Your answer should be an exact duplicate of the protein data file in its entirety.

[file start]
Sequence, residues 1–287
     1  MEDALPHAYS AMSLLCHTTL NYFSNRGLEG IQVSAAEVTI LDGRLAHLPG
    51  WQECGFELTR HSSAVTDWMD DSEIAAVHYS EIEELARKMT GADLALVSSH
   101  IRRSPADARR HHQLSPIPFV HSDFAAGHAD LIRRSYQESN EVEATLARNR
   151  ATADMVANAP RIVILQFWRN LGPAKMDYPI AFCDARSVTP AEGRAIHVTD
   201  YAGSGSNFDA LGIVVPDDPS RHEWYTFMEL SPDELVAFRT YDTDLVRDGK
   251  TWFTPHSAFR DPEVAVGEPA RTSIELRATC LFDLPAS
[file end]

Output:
Sequence, residues 1–287
     1  MEDALPHAYS AMSLLCHTTL NYFSNRGLEG IQVSAAEVTI LDGRLAHLPG
    51  WQECGFELTR HSSAVTDWMD DSEIAAVHYS EIEELARKMT GADLALVSSH
   101  IRRSPADARR HHQLSPIPFV HSDFAAGHAD LIRRSYQESN EVEATLARNR
   151  ATADMVANAP RIVILQFWRN LGPAKMDYPI AFCDARSVTP AEGRAIHVTD
   201  YAGSGSNFDA LGIVVPDDPS RHEWYTFMEL SPDELVAFRT YDTDLVRDGK
   251  TWFTPHSAFR DPEVAVGEPA RTSIELRATC LFDLPAS